"Say something once, why say it again?" - Talking Heads
At this international Deleuze conference in Kaifeng, China, organized by Paul Patton, I explored the important influence of Hume in Deleuze's own efforts to develop an understanding of repetition. I'll now rework it in preparation for this big event in New Orleans.
Hume's influence is apparent from the very first sentence of the second chapter of Difference and Repetition, “Repetition for Itself,” where Deleuze begins with the Humean problematic, and with what Deleuze calls the “famous thesis” that was the result of Hume’s efforts to address this problem. As Deleuze states the thesis, “Repetition changes nothing in the object repeated, but does change something in the mind which contemplates it…”
As Deleuze sets forth the problem Hume is addressing, we are confronted with a repetitive series, AB, AB, AB, AB, and when we are next presented with A the problem is one of accounting for why we come to expect B when there is nothing in the nature of A itself that would lead us to this expectation. As Hume famously presents the problem in the Treatise (1.3.14), we come after a series of repetitions of AB to have the “idea of a cause and effect, of a necessary connexion of power, of force, of energy, and of efficacy” (T 162).
The question is why? And this is where Hume's famous thesis enters the picture.
This is indeed a serious problem for Hume, for why should repetition ever give rise to anything new? And yet it does, and that is where the thesis of the effects of repetition upon the imagination plays its key role for Hume:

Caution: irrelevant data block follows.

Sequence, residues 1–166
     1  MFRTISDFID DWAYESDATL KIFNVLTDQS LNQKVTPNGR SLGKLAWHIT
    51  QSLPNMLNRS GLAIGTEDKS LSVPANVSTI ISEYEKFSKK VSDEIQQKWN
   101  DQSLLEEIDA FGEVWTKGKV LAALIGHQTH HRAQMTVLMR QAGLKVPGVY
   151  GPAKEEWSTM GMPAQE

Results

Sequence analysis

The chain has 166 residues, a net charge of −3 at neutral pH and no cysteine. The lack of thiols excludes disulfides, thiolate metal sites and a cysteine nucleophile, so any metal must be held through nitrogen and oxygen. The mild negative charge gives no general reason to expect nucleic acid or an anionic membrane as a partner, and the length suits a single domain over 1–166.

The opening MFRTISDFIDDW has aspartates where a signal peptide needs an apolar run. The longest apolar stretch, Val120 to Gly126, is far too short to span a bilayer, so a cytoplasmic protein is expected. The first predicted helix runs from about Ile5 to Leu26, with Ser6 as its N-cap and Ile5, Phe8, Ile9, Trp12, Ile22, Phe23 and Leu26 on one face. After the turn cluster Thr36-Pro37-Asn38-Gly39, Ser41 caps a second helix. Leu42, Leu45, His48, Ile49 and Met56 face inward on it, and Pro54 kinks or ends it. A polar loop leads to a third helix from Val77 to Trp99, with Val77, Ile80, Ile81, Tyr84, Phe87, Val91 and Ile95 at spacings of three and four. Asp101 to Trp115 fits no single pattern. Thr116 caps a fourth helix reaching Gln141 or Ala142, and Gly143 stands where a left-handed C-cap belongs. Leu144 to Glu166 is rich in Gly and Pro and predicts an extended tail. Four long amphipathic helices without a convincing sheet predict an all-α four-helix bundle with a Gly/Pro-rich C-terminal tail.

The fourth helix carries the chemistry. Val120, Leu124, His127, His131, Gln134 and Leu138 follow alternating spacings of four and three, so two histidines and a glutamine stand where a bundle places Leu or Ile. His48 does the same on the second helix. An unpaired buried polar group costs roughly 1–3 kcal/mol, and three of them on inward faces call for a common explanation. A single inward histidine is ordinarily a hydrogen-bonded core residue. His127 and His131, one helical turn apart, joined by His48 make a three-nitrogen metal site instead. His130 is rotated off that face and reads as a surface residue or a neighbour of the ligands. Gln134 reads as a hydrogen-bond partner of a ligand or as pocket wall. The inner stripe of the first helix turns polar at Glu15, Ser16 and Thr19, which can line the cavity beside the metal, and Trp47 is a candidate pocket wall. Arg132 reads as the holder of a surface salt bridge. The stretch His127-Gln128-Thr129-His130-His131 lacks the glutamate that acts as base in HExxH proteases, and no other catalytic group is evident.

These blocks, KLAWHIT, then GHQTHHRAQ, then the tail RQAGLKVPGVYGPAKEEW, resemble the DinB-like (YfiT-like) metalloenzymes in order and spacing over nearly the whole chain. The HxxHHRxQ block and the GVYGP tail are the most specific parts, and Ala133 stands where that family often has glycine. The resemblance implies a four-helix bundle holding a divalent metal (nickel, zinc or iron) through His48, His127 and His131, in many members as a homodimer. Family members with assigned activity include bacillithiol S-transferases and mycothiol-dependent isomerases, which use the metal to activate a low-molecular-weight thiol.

The repetition of perfectly similar instances can never alone give rise to an original idea, different from what is to be found in any particular instance…Since therefore the idea of power is a new original idea, not to be found in any one instance…it follows, that the repetition alone has not that effect, but must discover or produce something new, which is the source of that idea (Treatise 163).
The repetition of AB in-itself does not produce a new original idea, but the observation of the resemblance between As does produce, Hume claims, "a new impression in the mind." (T 165) And from here we're off to the races and Hume offers his well know account of the belief in causal necessity.
Whitehead, however, is unconvinced. This is important for repetition was an equally essential concept in his thought, and for very much the same reason it is important for Deleuze - namely, it is crucial for understanding the emergence of novelty. In the case of Hume, however, Whitehead argues that
Hume’s argument has become circular. In the beginning of his Treatise, he lays down the ‘general proposition’: “That all our simple ideas in their first appearance, are derived from simple impressions,…” He proves this by an empirical survey. But the proposition itself employs—covertly, so far as language is concerned—the notion of ‘repetition,’ which itself is not an ‘impression.’ (Process and Reality, 158).